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Grain Market Attention Turns to June 30 USDA Reports

Jeff Caldwell 06/26/2014 @ 9:23am Multimedia Editor for Agriculture.com and Successful Farming magazine.

The grain marketplace is starting to sharpen its focus on next Monday's big USDA Acreage and Grain Stocks reports as analysts' estimates start to pour in on the big numbers that could set the tone for the grain trade moving through summer.

Analysts with Allendale, Inc., see larger corn and soybean acres this year, with the latter crop hitting a record for area planted. The firm sees soybean plantings up 1.711 million acres to 83.204 million, up from USDA's figure of 81.493 million in the agency's March Prospective Plantings report. This would be a record for the U.S. soybean crop.

Corn is seen up 385,000 acres from the March report, according to Allendale, at 92.081 million.

There's been growing speculation that winter wheat could see an uptick in acreage in the near future, but expectations for this year don't reflect those opinions: Allendale sees wheat acres slightly lower than the March USDA estimate, with much of that decline coming in spring wheat.

"I would agree that the corn and bean acreage numbers are important, and if either is 2 million below the trade guess we should get a respectable rally," Alan Brugler, president of Brugler Marketing & Management LLC.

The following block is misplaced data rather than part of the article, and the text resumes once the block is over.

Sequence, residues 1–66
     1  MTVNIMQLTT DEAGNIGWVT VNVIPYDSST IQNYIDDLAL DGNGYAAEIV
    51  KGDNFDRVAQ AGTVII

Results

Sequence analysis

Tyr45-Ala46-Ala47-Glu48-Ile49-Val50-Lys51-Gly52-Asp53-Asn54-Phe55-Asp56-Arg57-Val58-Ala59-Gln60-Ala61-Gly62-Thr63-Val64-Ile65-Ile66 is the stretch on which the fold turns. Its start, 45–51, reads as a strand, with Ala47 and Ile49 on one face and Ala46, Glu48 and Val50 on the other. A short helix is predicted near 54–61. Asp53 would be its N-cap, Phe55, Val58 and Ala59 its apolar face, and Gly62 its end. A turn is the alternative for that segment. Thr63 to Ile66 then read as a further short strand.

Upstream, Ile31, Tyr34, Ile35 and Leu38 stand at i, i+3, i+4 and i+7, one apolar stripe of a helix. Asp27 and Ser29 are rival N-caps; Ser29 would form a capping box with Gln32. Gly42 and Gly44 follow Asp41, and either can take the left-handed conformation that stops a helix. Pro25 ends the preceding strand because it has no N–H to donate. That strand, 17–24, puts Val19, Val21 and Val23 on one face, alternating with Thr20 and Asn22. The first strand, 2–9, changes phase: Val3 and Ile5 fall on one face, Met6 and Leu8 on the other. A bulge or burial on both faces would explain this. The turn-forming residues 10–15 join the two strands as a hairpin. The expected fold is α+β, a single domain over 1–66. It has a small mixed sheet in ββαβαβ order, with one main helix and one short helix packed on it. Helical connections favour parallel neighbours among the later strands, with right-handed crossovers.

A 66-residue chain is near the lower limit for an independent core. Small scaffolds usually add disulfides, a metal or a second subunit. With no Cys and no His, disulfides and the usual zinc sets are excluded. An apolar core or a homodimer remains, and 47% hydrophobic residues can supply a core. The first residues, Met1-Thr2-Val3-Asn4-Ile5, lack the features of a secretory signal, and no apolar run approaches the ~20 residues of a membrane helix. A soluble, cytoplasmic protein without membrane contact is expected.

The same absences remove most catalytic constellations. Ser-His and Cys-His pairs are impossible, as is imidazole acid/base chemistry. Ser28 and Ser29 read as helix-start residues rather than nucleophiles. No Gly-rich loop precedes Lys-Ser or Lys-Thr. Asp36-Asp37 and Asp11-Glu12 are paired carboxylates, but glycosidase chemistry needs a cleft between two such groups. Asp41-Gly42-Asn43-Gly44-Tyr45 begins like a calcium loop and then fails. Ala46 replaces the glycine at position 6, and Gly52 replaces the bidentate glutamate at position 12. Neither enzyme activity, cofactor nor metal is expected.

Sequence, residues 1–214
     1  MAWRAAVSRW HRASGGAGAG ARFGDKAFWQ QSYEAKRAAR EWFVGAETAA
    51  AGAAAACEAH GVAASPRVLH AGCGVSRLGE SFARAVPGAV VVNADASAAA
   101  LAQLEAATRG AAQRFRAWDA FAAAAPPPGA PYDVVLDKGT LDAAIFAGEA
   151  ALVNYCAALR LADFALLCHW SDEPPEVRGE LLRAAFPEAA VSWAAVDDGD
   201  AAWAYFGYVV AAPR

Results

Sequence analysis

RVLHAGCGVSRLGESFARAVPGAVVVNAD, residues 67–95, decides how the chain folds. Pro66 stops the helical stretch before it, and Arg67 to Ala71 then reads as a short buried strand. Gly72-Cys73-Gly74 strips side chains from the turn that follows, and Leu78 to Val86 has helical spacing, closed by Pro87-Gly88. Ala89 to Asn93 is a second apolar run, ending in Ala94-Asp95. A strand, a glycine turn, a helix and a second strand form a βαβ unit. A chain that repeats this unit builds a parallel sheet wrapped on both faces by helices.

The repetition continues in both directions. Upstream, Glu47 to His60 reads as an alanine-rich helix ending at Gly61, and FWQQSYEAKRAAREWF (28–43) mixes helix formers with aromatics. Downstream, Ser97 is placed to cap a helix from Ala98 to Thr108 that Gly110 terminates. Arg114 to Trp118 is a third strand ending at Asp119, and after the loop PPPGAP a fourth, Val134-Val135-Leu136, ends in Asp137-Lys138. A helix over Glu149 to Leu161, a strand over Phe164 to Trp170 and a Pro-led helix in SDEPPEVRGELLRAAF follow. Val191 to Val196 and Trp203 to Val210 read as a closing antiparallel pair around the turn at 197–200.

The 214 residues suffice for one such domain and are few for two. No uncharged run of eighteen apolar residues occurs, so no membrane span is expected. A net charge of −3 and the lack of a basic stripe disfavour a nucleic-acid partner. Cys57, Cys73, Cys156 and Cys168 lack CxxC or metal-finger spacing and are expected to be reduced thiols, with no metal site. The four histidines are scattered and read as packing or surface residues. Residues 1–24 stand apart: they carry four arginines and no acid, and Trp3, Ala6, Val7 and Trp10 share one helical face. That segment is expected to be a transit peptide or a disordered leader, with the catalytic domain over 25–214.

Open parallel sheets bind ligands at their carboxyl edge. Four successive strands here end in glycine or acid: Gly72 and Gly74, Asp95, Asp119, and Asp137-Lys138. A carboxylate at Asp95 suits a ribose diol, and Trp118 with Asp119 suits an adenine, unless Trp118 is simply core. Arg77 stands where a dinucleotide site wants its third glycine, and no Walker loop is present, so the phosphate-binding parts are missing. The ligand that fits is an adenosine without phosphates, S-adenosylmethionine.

Soybean stocks are important because we are exporting beans we don't think we have, and need evidence from USDA that they exist, he says. "Lacking same, prices will have to go back to $15. Plus, I think corn stocks are also important, and 2010 is the role model. We had similar market psychology in 2010, with analysts like Brock and Sue Martin calling for $2.50 corn. Then the corn stocks report came out smaller than expected and a multimonth rally erupted."

We aren't as oversold this time as we were in 2010, but we are close, Brugler says. 

Mike North, senior risk adviser for First Capital Ag, says Monday's corn and soybean acreage numbers will be highly watched. "The acreage is in question for two reasons," North says. "How accurate were the planting intentions reported? Secondly, what amount of shifting took place in the northern tier of the Corn Belt due to wet conditions?"

Regarding whether there is any way this report can be bullish, North says it would have to come from the stocks numbers. "The report can be bullish if bean stocks are tightened further or if corn acres are trimmed significantly (Roach is suggesting a 2 million-acre decline is necessary)."

Once the report is released, weather will again take center stage, North says. "Given the forecasts for mild pollination conditions for most of the Corn Belt, a negative tone is likely," North says.

   

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